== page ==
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For amateur radio operators

Discussion in 'General Electronics' started by Jason Hsu, Sep 26, 2003.

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  1. Jason Hsu

    Jason Hsu Guest

    Come join Electrical Engineering Hams at

    There are more electrical engineering forums than you can shake a
    stick at. There are more ham radio forums than you can shake a stick
    at. But until now, there have been NO forums dedicated to people who
    are both electrical engineers AND ham radio operators. You can think
    of Electrical Engineering Hams as the unofficial IEEE Amateur Radio
    Society. (No, it has NO offical status whatsoever!)

    Jason Hsu, AG4DG
    [email protected]
  2. Garrett Mace

    Garrett Mace Guest

    I thought it was assumed that no less than 50% of all hams are also EEs.
  3. I doubt that it would be that high.



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  4. well the other 50% of hams make great sandwiches.

  5. There are three tiers of practice within Ham (or Armature) Radio. They are
    operations, emergency groups, and your home brewers (designer/builder
    types). This is not an official stratification but one that you'd come to
    pretty quick from experience. Generally, what you are referring to is the
    group I've labeled as the home brew crowd. This crowd has been growing
    smaller and smaller over the years. Part of the reason at least is that rigs
    (ham equipment) has become both increasingly more "feature rich" to the
    point that no one is happy with something that is not up to commercial
    standards (as to the number of features) coupled with a plethora of every
    conceivable box from Japan ... most people buy instead of building. Further
    more, these days the bar has been lowered as to what it takes to be a HAM
    with a result that most HAMs CAN"T build anything. As a result the condition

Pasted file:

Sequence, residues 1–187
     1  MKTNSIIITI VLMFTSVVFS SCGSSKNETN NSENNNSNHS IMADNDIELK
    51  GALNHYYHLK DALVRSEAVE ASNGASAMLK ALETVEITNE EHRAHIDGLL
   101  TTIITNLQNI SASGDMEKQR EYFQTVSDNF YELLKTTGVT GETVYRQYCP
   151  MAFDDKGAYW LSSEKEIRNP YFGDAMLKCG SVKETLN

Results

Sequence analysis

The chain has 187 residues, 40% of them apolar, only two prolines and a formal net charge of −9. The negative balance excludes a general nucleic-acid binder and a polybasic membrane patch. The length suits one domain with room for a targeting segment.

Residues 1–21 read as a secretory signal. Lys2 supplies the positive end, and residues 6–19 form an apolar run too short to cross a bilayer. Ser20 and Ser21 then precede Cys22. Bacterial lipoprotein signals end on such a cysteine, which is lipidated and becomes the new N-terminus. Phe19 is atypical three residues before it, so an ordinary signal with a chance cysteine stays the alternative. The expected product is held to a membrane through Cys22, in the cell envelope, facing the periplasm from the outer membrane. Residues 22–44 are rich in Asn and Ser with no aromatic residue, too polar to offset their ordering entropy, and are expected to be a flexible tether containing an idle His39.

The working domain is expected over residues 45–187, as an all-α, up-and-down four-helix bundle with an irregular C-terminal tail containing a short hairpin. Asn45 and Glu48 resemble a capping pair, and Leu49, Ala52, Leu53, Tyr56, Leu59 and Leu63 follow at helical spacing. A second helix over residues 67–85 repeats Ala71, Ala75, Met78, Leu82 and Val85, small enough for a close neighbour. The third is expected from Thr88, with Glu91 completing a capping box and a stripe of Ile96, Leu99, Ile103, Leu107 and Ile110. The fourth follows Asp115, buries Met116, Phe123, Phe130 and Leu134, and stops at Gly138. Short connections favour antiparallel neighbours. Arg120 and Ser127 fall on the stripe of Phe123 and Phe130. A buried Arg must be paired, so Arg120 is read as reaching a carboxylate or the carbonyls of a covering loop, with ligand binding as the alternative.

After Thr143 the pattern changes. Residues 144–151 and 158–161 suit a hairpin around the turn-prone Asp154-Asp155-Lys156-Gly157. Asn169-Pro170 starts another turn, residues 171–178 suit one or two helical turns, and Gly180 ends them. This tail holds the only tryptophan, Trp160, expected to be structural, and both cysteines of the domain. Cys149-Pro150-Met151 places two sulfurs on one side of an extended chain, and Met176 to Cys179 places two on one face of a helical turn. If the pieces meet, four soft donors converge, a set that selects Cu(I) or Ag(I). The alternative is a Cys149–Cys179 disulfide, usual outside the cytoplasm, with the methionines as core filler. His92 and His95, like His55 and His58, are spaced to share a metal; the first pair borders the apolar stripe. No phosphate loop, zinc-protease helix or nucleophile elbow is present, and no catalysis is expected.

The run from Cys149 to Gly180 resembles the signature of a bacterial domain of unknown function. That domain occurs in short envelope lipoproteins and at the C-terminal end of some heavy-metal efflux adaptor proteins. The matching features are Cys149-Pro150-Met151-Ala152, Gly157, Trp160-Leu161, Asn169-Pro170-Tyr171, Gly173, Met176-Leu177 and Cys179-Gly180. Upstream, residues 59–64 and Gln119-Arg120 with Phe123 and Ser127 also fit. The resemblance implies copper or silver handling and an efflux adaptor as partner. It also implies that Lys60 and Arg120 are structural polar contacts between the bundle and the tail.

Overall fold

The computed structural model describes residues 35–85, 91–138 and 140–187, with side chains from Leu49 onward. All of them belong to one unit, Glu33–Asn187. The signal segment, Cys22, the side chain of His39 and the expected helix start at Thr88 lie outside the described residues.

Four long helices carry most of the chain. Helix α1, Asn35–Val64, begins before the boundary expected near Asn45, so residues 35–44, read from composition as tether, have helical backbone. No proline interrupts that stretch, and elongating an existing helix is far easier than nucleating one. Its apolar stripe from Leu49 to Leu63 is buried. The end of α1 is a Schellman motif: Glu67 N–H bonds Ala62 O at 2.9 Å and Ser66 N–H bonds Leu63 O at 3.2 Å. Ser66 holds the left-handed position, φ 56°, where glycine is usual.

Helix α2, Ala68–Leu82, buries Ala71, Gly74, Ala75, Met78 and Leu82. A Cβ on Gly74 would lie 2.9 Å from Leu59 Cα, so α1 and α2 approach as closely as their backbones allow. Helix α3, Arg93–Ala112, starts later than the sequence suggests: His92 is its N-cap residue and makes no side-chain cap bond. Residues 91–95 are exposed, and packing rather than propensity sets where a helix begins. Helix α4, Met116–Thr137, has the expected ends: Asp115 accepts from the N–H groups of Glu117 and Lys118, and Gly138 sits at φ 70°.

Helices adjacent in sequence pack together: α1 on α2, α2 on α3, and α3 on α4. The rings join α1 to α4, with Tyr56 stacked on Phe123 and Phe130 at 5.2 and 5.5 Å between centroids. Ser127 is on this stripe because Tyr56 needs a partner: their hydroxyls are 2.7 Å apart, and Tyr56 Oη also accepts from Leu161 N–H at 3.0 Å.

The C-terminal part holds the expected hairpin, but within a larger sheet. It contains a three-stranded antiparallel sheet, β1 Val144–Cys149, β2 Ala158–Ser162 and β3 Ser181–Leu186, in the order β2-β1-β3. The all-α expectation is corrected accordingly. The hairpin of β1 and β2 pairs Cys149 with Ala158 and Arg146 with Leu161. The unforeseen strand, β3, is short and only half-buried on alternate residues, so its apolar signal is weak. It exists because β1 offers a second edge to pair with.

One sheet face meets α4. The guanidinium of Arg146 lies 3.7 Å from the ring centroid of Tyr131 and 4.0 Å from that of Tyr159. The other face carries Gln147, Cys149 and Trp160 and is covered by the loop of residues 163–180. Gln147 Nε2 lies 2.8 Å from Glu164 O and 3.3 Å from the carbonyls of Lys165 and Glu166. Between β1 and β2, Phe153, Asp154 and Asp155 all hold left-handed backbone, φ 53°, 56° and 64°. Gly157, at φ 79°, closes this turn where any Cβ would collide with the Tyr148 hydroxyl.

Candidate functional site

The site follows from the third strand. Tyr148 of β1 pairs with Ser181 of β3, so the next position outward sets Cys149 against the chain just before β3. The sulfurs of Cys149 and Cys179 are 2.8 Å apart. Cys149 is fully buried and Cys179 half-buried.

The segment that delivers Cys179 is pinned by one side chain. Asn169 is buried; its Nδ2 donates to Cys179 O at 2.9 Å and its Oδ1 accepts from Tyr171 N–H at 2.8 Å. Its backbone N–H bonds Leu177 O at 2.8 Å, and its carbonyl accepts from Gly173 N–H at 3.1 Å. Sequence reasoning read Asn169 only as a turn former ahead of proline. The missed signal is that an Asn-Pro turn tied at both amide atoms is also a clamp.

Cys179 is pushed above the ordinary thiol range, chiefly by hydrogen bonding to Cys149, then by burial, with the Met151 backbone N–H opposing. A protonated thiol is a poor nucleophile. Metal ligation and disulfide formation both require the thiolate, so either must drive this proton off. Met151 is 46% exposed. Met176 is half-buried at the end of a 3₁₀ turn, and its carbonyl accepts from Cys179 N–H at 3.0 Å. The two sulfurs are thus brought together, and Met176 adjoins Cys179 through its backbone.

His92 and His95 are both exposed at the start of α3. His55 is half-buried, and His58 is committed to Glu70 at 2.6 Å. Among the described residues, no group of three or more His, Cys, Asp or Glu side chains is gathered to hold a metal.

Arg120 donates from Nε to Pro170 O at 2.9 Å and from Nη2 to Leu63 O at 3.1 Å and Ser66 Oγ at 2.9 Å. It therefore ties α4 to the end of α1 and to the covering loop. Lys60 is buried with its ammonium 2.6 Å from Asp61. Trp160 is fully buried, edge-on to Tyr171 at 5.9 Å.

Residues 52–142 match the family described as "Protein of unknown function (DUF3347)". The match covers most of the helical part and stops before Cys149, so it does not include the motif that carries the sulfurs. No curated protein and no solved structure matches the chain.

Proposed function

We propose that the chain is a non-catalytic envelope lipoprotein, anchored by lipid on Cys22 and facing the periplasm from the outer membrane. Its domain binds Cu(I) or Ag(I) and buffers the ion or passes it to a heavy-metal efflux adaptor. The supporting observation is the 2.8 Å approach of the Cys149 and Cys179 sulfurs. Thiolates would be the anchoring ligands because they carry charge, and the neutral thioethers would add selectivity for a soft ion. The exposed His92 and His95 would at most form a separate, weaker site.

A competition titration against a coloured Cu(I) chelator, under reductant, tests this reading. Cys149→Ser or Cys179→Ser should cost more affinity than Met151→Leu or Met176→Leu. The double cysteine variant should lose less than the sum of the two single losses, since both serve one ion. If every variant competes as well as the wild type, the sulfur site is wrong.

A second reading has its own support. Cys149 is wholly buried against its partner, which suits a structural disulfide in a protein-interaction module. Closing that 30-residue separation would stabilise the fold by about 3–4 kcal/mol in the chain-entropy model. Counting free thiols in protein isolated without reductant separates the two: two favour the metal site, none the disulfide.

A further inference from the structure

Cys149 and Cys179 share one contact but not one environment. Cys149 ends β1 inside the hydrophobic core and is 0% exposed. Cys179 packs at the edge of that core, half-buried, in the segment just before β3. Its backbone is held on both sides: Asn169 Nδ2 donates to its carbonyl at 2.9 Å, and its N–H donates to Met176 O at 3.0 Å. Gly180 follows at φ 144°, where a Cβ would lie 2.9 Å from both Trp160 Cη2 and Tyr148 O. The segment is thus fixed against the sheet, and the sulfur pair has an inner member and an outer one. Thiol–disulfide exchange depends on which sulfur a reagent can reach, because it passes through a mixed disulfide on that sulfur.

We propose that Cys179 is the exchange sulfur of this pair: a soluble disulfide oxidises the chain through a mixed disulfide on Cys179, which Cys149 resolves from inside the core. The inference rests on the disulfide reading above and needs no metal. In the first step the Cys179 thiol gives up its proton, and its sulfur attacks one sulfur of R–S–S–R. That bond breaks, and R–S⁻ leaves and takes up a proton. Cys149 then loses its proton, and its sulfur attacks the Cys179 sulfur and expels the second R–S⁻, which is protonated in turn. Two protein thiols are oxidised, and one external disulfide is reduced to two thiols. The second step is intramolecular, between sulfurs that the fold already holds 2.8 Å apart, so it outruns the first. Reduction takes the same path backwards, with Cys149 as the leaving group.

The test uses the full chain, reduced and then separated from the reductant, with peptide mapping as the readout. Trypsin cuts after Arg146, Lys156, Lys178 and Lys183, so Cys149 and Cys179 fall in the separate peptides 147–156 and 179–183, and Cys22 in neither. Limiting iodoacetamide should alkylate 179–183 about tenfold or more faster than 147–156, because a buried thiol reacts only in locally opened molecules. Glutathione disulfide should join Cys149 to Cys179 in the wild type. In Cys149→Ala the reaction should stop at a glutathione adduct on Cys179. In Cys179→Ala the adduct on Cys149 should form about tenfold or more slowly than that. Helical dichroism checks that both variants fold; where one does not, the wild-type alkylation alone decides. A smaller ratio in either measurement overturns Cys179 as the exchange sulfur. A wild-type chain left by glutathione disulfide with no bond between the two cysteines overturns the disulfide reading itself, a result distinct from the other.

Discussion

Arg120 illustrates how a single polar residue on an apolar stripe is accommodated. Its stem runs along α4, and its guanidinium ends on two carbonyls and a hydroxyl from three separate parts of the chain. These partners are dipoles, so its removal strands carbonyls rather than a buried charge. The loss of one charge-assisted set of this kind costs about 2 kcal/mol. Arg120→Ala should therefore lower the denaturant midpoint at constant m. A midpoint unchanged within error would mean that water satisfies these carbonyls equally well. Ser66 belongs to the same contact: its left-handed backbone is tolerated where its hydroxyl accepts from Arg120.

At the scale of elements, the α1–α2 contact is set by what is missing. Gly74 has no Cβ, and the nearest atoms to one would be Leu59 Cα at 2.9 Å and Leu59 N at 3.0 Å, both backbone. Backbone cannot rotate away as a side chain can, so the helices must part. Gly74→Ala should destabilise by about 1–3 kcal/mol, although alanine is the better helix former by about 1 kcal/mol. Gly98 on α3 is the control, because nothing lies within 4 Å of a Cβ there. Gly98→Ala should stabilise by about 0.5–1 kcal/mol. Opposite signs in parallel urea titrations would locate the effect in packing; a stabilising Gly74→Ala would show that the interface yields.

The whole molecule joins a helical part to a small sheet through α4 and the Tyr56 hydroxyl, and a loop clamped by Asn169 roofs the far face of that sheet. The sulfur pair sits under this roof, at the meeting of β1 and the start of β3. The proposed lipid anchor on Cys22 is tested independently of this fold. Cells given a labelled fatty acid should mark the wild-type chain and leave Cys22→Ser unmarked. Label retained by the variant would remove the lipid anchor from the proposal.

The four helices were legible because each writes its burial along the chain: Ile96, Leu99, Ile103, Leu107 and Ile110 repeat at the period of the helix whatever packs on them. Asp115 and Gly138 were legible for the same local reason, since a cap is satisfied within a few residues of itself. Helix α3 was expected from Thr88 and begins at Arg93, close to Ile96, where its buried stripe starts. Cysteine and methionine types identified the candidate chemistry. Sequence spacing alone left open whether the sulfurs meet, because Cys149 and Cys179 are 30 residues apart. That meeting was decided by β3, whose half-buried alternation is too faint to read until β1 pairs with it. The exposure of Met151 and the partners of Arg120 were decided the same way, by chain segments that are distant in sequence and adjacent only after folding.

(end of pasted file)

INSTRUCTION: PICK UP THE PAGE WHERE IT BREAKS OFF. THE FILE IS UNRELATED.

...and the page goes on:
of the HAM bands has deteriorated to that of what the citizens band is. The
    overall effect is that there is little to attract techies such as engineers
    both in equipment as well as the fact that there are few of kindred spirit
    to associate with if you do get on. There are a few that tinkers; usually up
    well above 1 GHz, but the numbers are small. Over the years I've known EE's
    who were also Hams but in numbers I'd have to put it at not 1 in 20 and most
    were inactive as to HAM activities.
  6. ddwyer

    ddwyer Guest

    As an engineer on the edge of radio I learned most electronics in the
    60s as a builder of radios for swl.
    Though I drifted off it was rewarding to note that during the cellular
    boom most well paid designers were ham designers/constructors not phd
  7. Tim Shoppa

    Tim Shoppa Guest

    Just off the top of my head, thinking of the five hams that were
    most influential on me in my young days: A jeweler, a machinist, a
    truck driver, an optometrist, and the engineer for a local radio station.

    That puts it at one in five. All of them built Heathkits, BTW (then
    again, this was 3 or 4 decades ago).

    Most EE's I've met wouldn't know which end of a soldering iron to pick up.
    Nothing against their SPICE or VLSI design abilities, mind you. Besides,
    there's no soldering test to get your ticket :)

  8. Please. it is not Armature, it is Amateur. An Armature is part of an
    electric motor.
  9. Russell Shaw

    Russell Shaw Guest

    Many amateurs are fossils, from the days when a transmitter was
    a *big* and *fast* electric motor hooked to an antenna.
  10. slifkin

    slifkin Guest

    I my case it was the other was the other way round I was licensed
    years before I became an EE. I suspect that may be the case with
    The most influential people who got me interested in amature radio
    were both electronic technicians.
    4Z9GDH ex G8HES
  11. Were those also the days when people paid attention to spelling and grammar?

    Leonard Caillouet
  12. Leeper

    Leeper Guest

    So thats where all the EE's went when the job market!
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